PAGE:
A supportive spouse is the most precious thing in the world. My husband and I have our differences, but we’ve always supported each other’s goals and dreams. He’s done everything in his power to give me the space and time I need to pursue my dream of being a writer. He’s shown me patience, good humor, and encouragement.
I work 40 hours a week at my day job. I spend 10 to 12 hours a week blogging. I spend the vast majority of my home time writing and editing my work. This year, a huge chunk of my time has been spent dealing with Ozarks Writers League business, which I consider an investment in my writing career.
A little over year ago, my laptop touch pad stopped working. I dealt with the problem by attaching a mouse. A few months later the computer stopped connecting to WIFI unless I restarted it two or three times. Around that same time the screen began bouncing up and down while I read emails, documents, and online articles.
I finally had to admit that it was time to think about buying a new laptop. That one was nine years old, and I was proficient with it. I really hated to replace it, so I procrastinated. I have never liked change, and a new computer meant a big change.
My husband watched my search in dismay. He couldn’t understand why I kept looking at the same products over and over again without purchasing one. He doesn’t share my techosaurus tendencies.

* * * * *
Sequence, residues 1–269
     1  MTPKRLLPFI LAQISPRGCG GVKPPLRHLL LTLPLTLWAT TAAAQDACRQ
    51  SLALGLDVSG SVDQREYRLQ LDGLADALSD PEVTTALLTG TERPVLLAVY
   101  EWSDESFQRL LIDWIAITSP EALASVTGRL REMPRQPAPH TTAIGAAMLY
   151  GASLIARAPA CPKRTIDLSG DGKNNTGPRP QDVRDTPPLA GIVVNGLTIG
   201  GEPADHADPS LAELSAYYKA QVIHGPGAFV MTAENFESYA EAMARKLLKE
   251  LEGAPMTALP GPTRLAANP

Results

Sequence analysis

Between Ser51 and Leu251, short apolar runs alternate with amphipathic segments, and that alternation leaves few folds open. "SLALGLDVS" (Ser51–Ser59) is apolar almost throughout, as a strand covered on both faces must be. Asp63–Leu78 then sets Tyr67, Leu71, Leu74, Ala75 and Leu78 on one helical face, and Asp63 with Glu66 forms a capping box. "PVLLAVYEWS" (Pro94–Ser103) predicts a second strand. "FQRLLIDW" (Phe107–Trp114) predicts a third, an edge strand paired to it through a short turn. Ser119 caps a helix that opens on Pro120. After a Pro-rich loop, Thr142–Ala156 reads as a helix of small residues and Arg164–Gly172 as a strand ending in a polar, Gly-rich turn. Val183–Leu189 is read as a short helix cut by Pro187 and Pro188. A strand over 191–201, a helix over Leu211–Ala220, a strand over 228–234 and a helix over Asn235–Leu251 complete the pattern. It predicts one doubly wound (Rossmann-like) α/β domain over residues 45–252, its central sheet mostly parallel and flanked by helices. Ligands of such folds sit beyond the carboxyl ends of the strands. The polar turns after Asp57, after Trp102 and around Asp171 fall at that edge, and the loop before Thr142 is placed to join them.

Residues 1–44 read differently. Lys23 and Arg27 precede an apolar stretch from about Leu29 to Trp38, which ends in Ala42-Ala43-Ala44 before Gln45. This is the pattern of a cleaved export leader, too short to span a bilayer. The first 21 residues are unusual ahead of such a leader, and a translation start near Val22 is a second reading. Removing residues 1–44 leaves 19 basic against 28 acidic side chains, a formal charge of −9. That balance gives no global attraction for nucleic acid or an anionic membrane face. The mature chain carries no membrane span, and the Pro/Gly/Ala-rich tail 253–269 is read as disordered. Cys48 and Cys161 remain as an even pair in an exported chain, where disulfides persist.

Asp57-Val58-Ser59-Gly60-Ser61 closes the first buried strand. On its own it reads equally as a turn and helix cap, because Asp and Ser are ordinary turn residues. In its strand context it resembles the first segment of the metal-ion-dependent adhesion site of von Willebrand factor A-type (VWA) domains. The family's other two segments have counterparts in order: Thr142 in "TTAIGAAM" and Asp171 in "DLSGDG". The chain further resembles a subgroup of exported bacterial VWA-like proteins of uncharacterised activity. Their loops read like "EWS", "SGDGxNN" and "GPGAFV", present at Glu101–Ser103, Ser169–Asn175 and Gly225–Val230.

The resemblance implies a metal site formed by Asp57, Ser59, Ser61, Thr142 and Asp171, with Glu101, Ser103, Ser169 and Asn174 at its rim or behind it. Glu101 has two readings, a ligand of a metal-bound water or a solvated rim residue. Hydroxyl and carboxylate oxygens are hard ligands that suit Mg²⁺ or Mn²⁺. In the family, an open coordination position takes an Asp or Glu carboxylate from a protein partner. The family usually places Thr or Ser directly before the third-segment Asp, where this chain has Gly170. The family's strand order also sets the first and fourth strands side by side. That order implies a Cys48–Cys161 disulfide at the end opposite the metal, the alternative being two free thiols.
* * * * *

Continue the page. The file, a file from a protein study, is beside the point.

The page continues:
He bought me a new laptop for Christmas last year. It’s bigger, faster, and does more things than I can even comprehend. No, I don’t like it at all. However, I’m learning more about it every day.
He spent a great deal of money on this HP for me, and I’m certain I’ll love it if I ever figure out how to use it. There’s something called Cortana that talks me now and then. It scares the bejeebers out of me when it starts asking me questions out of the blue.
My hubby is trying to bring me up to more current technology. He bought me the new laptop thinking it would make things easier for me. I must admit that it’s nice to connect to WIFI immediately and not be forced to reboot three times first. I also enjoy having the robot read my work to me. It’s easier for me to catch errors if I hear them because my brain knows what I meant to write and tells my eyes that’s what on the page.
Over the past few years that I’ve been throwing all of my free time into my writing career, my dear husband has taken over more of the household chores. We have always split them since we work opposing shifts, but now he does much more.
Historically, I did all the grocery shopping. Now that we finally have an empty nest, we don’t require as much food and supplies. I still go to the store once a week or so, but he takes care of the bulk of our shopping. I can’t remember the last time I bought milk, and I’ve bought very little bread recently. He takes care of that.
He does more laundry and dishes these days, too. I usually come home to a load of laundry in the washer and one in the dryer. Last night, the last load was in the dryer. All I had to do was turn it on for ten minutes to remove the wrinkles and hang everything up. This allowed me spend four hours proofreading without being interrupted every half hour to take care of the laundry. Such time is golden.
I’m finally seeing some results from my diligence. I will have at least five new publications this year and have already placed in three competitions. While I’m exceedingly proud each time I place in a competition or achieve publication, I realize that I could not do it without the love and support of my husband.
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